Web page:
Home Dining Out Restaurant Review – The New Bath Hotel, Matlock

Restaurant Review – The New Bath Hotel, Matlock

Restaurant Review – The New Bath Hotel, Matlock
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The New Bath Hotel and Spa, with its fine Georgian façade, has always struck an impressive pose, standing for over 250 years as a sentinel at the southern entrance to Matlock Bath. It has recently undergone a major refurbishment and from the moment Susan and I walked into the light and open main entrance the care and thoughtful styling was evident. This is a little bit of Knightsbridge on the edge of The Peak.

New Executive Head Chef John Shuttleworth has instigated a tasting menu with a carefully selected wine pairing and we were eager to experience the evening. John is a local lad and after graduating from High Peak College in Buxton, started his professional career in the USA. He returned to England and worked in several Michelin starred establishments before taking up a position for 8 years in South Africa at a premium winery with a highly acclaimed restaurant. He and his wife returned to the UK and took up appointments at the New Bath Hotel and Spa.

The hotel’s Artistry restaurant occupies the south east corner of the grade 11 listed building and is the setting for their 6 course tasting menu.

Decorated in a light contemporary style and retaining many of its original features this spacious, elegant room has the ability to both relax and make you feel like someone special. The view from the restaurant’s large bay window is of the magnificent High Tor. The poet Byron was fascinated with this landscape’s rugged, harsh beauty and F C Mutton, the author of the 1939 Penguin County Guide to Derbyshire, suggests that High Tor in Matlock Bath might well be the “loveliest crag in the whole of England”.

After being treated to a couple of delicate hors d’oeuvres, beautifully described by our waitress for the evening; Andrea, our wine guide, related some brief tasting notes about the glass of Chateau d’Aydie fresh, dry white wine we were drinking and a few facts about the producer. This was how the evening was to progress. Each course was accompanied by a different wine and with each wine we were given suggestions of what tastes to expect and how it had been chosen to accompany the various dishes. Andrea also related a potted history of some of the wine producers.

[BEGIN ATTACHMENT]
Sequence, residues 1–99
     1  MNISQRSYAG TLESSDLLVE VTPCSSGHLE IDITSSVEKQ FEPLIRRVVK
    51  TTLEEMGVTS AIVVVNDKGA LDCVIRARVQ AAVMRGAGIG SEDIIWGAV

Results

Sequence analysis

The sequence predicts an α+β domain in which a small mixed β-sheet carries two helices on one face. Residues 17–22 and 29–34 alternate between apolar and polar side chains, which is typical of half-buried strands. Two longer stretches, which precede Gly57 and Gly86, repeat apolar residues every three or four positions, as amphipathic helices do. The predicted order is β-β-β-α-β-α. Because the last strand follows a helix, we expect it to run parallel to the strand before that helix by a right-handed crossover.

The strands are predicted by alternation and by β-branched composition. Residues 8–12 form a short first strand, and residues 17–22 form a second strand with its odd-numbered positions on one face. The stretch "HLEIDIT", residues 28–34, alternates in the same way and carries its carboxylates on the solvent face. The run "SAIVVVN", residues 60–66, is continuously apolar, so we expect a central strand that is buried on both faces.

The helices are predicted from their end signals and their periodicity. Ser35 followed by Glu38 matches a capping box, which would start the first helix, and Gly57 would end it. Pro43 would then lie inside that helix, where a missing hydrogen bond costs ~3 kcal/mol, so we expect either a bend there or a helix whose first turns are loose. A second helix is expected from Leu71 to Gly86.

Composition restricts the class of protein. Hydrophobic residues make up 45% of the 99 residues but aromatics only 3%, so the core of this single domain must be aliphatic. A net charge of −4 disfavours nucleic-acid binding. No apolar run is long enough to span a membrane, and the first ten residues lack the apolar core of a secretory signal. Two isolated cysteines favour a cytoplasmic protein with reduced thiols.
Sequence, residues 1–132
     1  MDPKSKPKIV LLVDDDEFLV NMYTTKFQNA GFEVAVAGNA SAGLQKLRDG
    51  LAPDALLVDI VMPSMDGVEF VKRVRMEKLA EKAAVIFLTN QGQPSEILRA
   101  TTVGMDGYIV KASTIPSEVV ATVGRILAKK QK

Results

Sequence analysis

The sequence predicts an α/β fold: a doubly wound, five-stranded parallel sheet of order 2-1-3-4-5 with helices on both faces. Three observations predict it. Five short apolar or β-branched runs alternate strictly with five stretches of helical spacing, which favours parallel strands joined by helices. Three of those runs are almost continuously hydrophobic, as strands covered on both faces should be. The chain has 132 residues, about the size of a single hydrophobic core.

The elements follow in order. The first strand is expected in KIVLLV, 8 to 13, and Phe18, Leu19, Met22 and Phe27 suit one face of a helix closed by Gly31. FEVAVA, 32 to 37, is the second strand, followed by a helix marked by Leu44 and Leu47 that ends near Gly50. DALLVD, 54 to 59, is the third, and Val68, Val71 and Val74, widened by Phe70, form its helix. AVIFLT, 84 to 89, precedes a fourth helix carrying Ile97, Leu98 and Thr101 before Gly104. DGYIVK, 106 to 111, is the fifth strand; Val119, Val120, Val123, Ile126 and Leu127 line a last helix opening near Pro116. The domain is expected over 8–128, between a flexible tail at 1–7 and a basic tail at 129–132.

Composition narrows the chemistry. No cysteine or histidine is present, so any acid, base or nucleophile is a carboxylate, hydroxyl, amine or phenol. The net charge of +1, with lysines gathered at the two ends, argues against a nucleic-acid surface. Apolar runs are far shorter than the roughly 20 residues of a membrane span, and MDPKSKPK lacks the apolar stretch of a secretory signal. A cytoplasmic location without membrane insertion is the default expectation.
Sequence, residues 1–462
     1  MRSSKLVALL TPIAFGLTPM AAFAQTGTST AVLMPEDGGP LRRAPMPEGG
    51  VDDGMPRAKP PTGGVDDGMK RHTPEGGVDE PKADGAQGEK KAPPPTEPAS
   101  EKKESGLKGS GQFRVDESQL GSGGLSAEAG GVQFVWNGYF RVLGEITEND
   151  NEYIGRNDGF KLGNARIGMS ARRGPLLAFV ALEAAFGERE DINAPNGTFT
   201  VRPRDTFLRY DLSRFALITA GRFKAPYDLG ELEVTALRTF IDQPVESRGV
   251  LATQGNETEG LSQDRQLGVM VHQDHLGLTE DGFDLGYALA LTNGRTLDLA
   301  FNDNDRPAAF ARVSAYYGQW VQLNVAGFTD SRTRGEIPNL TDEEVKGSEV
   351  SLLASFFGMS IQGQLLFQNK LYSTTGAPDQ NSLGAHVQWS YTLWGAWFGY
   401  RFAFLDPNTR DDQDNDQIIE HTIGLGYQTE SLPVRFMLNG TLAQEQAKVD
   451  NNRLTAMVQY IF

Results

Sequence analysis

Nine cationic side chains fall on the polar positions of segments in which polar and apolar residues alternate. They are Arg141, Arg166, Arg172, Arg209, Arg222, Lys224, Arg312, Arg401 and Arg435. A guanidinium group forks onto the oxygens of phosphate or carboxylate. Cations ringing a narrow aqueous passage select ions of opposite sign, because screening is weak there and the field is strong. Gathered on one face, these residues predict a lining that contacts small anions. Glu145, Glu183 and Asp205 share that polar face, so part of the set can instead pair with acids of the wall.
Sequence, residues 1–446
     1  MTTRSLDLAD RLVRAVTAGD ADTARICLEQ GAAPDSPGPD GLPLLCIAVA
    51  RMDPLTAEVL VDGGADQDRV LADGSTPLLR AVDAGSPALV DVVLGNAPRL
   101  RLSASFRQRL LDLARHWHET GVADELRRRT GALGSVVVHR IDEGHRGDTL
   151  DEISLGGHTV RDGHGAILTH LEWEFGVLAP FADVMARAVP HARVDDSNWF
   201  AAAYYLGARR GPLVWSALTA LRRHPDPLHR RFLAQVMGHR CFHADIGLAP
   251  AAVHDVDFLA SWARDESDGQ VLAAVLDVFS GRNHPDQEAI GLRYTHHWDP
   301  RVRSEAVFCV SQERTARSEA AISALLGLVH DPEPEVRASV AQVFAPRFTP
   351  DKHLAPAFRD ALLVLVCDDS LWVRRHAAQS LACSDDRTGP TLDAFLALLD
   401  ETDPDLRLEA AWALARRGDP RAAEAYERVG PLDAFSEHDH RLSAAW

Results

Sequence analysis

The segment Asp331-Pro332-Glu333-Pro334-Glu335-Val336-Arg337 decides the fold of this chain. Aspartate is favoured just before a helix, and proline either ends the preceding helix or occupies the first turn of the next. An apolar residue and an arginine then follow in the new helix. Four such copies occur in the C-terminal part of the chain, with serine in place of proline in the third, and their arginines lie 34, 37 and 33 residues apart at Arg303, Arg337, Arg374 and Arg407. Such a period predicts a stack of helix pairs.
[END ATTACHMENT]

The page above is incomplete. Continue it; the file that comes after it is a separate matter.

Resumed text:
Before the first course, which was duck, we nibbled on a warm bread roll with creamy, thyme butter. The first plate consisted of a pressing of duck  liver parfait and home cured goose ham. These are strong, rich, earthy flavours and the Chateau d’Aydie dry white was the perfect accompaniment.

Before the second plate we were presented with ‘a bit of fun’ an amuse bouche of thick, creamy vichyssoise topped with a thin slice of fried potato and lurking, hidden at the bottom of the dish a soft boiled quails egg.

The next dish was pan roast langoustine, a ballotine of rabbit, nettle purée and a shard of salsify all brought together with a reduced white wine sauce. These are all delicate flavours and the 2016 Bogle Vineyards Viognier was an ideal pairing; floral, tropical with a hint of vanilla.

The third dish was tortellini filled with a pesto sauce that erupted in your mouth. It was dressed with a roasted pine nut crumb and topped with parmesan crisps. With the pasta we sipped a Mount Pleasant Lovedale Semillon from Hunter Valley, New South Wales: fresh tasting with ripe citrus flavours.

Once more the cutlery changed and into another stylish, hand blown crystal glass was poured a bright ruby full bodied red wine: Humberto Canale – Seleccion de la Familla Cabernet Franc. The dark red fruit flavours of this wine had been selected to accompany the tender venison loin; with a hint of barbeque charring, a selection of vibrant greens, coffee and celeriac purée and a chocolate scented jus.

The cheese course came in the form of a Mull of Kintyre cheese soufflé, rhubarb 3 ways; one a chutney and, scattered over it, a walnut crumble. A new world, slightly oaked, dark red Pinot Noir complemented the distinctive cheese and rhubarb flavours.

Before the citrus, as the final course is called, we enjoyed pre-dessert amuse bouche. This time the wine was a complete change of pace: a Passito di Noto; a sweet, white Sicilian wine made from one of the oldest vines in the world: Moscato Bianco. The wine was the perfect foil for the sharp flavours of the white chocolate and lemon cheesecake and the sorbet, crumb and gel made from blood orange, calamansi and limes.

Two and a half hours after taking our seats in the Artistry we completed the tasting with 2 delicate petit fours: a pistachio and dark chocolate and concentrated red berry jelly.

John has designed a menu to reflect his love for the area, its fine produce and his classical training with influences from his experiences and travels. The six-course tasting menu is relaxed, yet well thought out; it provides variety, fun and an education. These are balanced dishes of flavour and texture with wine pairing that leave me speechless with admiration. This is a great tasting menu, you won’t be stuffed, just pleasantly full and take away the memory of an evening of fine food, wine and theatre.

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